Asides from our technological strength, the average Nigerian transaction involves the usage of 4 payment techniques which are all immediate; Point of Sale (POS) device, Online Bank Transfer, USSD Code enabled transfers and fiat currency.

Dipo Fatokun, CBN’s former Director of Banking and Payment System, specified monetary inclusion as the access to financial services that are available to the adult population in any given economy. A major component of the e-Naira is the requirement for smart devices. This postures an issue because according to Pew Research Center, only 32%in Nigeria use mobile phones. Nigeria’s population is 206 million people and this represents roughly 66 million individuals. Another report from the Guardian states that Nigeria has roughly 170 million mobile phone users based upon subscriptions however just about 25 and 40 million users have smartphones which represent just 10-20%of the population.

Because the CBN’s required also includes monetary addition, the proposed e-Naira limits the number of individuals within the country that can have access to a digital wallet, not to mention, a CBDC.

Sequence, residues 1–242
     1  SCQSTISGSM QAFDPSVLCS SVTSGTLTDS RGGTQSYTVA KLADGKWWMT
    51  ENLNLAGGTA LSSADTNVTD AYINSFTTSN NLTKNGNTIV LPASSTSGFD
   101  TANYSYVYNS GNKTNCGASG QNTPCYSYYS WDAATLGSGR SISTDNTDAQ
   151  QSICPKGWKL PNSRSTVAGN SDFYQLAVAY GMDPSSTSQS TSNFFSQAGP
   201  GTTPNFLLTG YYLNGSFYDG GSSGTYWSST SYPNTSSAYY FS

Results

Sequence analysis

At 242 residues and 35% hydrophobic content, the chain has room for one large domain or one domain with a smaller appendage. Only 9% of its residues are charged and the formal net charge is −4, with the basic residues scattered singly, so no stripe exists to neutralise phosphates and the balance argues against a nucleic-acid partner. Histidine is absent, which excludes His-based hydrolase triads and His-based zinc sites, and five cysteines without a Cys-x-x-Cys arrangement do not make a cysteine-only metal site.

Bottomline

Although one could make a case that the usage of CBDC assists to better keep track of illicit transactions within the country, however in the real world, a Nigerian CBDC will be too pricey to carry out and may be rendered ineffective quickly when compared to other systems that exist.

According to Olumide Adesina, a writer for CoinDesk, ” The CBN aims for the CBDC to increase financial addition quickly and quickly. Creating and holding funds for people in a reserve bank account might provide better access to monetary services for the unbanked or underbanked.

” Nevertheless, some financial experts likewise believe the CBN can spend in deficit and shift funds straight to residents without stressing over the nationwide debt in times of economic challenge. In other words, a CBDC could present an obvious inflation threat.”

He further specified, ” This would also boost control over the level of access a Nigerian resident has to a financial system, particularly if the citizen attempts to take part in behaviours considered to be a risk by the monetary authority.”